bathtubs, the backrooms of front businesses, in ditches, and even in national
parks. The main character, erstwhile suburban housewife and mother Nancy
Botwin, initially has qualms about selling it to kids but eventually will sell
a potent form of hash that she makes in her employer’s commercial clothes dryer
to anyone with the cash. She does draw the line, however, at harder drugs like
black tar heroin and will not brook involuntary prostitution. But the message
of the show is that weed is cool even if it turns you into jailbait and your
son into a cold blooded murderer.

Walter White, a former high school
chemistry teacher, has no qualms about manufacturing and selling
methamphetamine, so long as it meets his high standards and he gets a cut of
the proceeds. In Breaking Bad, meth
is not quite as ubiquitous as pot in Weeds
but the unmistakable conclusion, for viewers today and presumably 200 years
hence, is that early Third Millennium America had a pretty pronounced illicit drug
culture. Nobody has to be told what drugs are, how to use them, or even what
they cost in the street. While both Weeds
and Breaking Bad become a little far
fetched at times, nobody seriously questions the main premise that middle class
Americans can become drug kingpins if they get cancer or their spouses die
suddenly, apparently without life insurance. Weeds and Breaking are
dark comedies to be sure but clearly millions of Americans find that premise
amusing … and maybe even alluring, as several bored housewives admit to Nancy in
Weeds. Interestingly, about a dozen
college professors have been caught distributing illegal drugs in the last few
years, though alas none here at Augustana. … To my knowledge.

Although it contains numerous
humorous scenes, The Wire is a much
more serious show that reveals just how deeply heroin and cocaine have
permeated our society, from addicts like Bubbles, Johnny Weeks, and Sherrod to
Baltimore’s political power structure, especially in the form of corrupt
politician Clay likes to say Shiiiiiiiiiiiiit Davis. The series, which ran for
5 seasons in the mid-20 aughts, was so realistic that several real life drug
gangs actually began to use some of the distribution and communication
techniques it detailed. Two centuries hence, historians will use The Wire to outline America’s urban drug
culture much the way they currently use the 1931 flick The Public Enemy or the 1922 and 1924 novels Babbitt and The Great Gatsby
to unmask some of the intricacies of Prohibition.

The city of Baltimore felt compelled
to officially blast The Wire, the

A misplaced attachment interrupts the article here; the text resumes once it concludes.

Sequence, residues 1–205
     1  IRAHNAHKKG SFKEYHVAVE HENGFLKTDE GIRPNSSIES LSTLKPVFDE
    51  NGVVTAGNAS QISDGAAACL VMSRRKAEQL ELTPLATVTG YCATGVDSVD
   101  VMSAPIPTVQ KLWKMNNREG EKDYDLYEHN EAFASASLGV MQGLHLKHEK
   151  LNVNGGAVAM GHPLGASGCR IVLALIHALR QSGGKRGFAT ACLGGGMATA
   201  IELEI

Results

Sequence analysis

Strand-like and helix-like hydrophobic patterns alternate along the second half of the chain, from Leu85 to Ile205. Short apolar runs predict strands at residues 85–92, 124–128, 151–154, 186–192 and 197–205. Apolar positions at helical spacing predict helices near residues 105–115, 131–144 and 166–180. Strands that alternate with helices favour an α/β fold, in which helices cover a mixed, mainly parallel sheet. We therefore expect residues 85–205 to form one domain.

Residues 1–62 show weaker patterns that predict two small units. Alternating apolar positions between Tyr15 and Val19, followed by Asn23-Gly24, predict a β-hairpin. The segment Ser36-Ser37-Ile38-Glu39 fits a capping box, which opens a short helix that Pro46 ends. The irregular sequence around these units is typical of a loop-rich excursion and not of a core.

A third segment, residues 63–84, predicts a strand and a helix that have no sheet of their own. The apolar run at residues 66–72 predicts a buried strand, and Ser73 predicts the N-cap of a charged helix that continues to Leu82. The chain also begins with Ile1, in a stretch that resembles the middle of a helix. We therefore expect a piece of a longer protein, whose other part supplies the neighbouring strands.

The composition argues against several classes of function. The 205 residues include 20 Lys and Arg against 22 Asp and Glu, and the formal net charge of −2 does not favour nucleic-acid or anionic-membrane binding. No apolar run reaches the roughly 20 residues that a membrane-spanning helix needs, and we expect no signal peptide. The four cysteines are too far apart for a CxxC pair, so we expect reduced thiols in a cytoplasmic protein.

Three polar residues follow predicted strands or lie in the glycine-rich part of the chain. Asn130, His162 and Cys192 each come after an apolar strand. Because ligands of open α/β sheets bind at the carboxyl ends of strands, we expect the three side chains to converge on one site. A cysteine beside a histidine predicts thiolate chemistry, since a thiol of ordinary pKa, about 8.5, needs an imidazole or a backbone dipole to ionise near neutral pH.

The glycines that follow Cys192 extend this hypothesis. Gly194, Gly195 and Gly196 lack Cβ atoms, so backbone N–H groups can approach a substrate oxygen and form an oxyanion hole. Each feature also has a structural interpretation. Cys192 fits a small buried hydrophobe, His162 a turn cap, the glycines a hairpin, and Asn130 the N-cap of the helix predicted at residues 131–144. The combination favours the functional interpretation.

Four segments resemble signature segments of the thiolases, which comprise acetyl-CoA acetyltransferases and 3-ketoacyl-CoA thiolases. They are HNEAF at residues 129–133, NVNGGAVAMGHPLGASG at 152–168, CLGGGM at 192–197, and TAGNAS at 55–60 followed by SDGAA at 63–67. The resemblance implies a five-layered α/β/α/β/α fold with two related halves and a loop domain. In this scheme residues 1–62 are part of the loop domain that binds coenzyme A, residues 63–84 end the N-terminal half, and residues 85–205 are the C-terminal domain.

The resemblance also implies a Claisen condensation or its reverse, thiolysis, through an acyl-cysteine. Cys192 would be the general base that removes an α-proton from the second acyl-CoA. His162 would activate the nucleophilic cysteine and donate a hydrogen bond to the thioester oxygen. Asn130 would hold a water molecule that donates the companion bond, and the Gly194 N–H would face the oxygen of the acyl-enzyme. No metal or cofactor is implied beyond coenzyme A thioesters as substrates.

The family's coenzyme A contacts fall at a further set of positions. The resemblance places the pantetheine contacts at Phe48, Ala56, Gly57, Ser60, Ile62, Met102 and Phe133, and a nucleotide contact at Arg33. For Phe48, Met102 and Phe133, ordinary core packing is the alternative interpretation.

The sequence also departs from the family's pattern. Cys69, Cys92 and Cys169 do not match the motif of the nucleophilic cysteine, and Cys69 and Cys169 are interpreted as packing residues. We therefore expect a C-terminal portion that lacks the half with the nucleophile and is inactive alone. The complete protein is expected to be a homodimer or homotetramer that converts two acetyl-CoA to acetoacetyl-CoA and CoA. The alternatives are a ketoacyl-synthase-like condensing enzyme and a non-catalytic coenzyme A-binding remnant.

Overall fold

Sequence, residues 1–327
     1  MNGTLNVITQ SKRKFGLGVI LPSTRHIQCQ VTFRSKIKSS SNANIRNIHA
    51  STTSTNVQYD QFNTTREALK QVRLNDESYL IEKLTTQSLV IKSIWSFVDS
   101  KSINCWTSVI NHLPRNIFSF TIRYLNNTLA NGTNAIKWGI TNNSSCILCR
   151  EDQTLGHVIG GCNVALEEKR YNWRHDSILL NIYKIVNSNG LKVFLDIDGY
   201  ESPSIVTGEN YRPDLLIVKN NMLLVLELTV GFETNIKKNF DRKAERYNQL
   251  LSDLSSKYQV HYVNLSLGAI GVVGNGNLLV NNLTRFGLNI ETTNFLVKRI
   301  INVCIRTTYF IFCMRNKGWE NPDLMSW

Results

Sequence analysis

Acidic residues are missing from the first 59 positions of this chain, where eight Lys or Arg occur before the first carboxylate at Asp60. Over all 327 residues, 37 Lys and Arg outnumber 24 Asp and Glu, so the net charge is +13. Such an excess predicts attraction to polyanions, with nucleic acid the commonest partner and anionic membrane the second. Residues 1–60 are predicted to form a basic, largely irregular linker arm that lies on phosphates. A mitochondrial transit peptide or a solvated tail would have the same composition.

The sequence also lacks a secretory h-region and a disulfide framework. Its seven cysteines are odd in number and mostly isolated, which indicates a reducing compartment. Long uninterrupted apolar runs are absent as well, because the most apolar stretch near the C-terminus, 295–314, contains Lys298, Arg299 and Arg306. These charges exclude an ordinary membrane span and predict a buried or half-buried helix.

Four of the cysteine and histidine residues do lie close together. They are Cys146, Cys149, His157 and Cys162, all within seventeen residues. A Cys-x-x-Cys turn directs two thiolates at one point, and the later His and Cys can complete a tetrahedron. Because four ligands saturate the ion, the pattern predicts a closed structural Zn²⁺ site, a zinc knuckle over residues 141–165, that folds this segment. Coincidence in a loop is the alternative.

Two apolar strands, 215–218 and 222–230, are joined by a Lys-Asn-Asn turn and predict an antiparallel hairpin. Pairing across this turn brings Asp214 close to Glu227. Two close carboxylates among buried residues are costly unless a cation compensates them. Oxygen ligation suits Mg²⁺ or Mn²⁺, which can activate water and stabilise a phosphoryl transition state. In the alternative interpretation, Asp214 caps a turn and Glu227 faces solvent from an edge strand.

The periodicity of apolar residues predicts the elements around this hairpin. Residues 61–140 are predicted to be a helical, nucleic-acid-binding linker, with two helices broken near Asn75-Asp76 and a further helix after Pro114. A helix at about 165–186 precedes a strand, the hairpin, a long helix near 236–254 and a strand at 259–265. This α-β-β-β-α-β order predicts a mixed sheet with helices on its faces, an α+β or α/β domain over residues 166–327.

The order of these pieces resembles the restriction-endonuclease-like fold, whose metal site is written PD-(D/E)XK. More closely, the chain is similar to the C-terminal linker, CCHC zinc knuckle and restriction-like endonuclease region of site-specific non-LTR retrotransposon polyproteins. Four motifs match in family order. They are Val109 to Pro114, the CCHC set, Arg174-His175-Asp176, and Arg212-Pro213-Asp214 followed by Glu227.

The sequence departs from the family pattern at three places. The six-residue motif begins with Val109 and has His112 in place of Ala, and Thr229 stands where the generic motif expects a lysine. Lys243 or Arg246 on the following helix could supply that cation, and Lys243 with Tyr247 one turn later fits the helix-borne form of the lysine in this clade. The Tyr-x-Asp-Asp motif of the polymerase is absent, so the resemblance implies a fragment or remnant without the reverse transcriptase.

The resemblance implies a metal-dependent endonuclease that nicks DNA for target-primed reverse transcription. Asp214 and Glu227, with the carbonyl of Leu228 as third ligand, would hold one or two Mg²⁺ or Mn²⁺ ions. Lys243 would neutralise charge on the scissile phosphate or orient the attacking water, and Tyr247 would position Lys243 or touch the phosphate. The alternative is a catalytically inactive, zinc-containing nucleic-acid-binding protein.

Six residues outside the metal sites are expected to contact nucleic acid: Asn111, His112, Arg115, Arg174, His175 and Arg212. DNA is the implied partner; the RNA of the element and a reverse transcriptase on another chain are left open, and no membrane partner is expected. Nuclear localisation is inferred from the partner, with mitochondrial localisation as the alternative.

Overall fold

realism of which threatened to cut into its tourism trade. The Port of
Baltimore doesn’t attract as many ships as it used to and the water still
smells a little funky, but it is pretty to look at and it’s treated enough so
it doesn’t kill the sea critters in Baltimore’s amazing National Aquarium or
the dinner patrons in nearby Lil Italy … at least not immediately. The Wire’s depiction of the drug
infested areas of the city, some within Glock range of the Inner Harbor tourist
zone, were just too accurate, a conclusion that I draw from personal experience
having again visited the outskirts of some of the drug neighborhoods while
attending a conference and conducting some research in Balmer last fall.

I think it safe to say that the
Founders would not like modern Baltimore but that would not necessarily equate
into a policy stance on drugs as other issues were rather more salient two
centuries ago. In fact, I’m pretty sure that Jefferson, Madison, and Monroe, if
not Washington himself, would point to modern Baltimore as evidence for the
necessity of slavery, a fallacious conclusion to be sure but an irresistible
one for anyone with a material interest in the peculiar institution. Calhoun,
who came a little later of course, certainly would have used conditions in today’s
Baltimore to advance a pro-slavery,
anti-tariff, and anti-urbanization agenda because, heck, he used the condition
of the Baltimore of his time to support those views.

On the other hand, every Founding
Father would see that the promises laid out in the preamble of the Constitution
were not being met in a city devoid of justice, domestic tranquility, or the
blessings of liberty. And The Wire’s
message about political corruption would have surely further aroused the
Founders’ against the Citizens United
decision because it shows so clearly how money corrupts absolutely. But a pro-
or anti- drug message? I just don’t see it because drug use was not very high
on the Founder’s agenda. Americans would of course eventually remonstrate
against the abuse, some even the use, of tobacco, alcohol, and later opium. But
the Founders were pretty quiet on the issue. That might have been because they
were civil libertarians content to allow people to make their own life choices,
as Ron Paul might argue, but it could also be that they simply had no widespread
experience with addiction to substances other than tobacco, alcohol, sugar, and
caffeine. If members of the Founding generation weren’t consuming pot, coke, or
heroin, how could the Founders have held a view about their legality, at least
one that we are bound to respect? I say that when it comes to drug policy, we
allow the Founders to remain fast asleep, dutifully pointing their muskets and
cannon at large corporations, especially inefficient, political system corrupting

Thank you!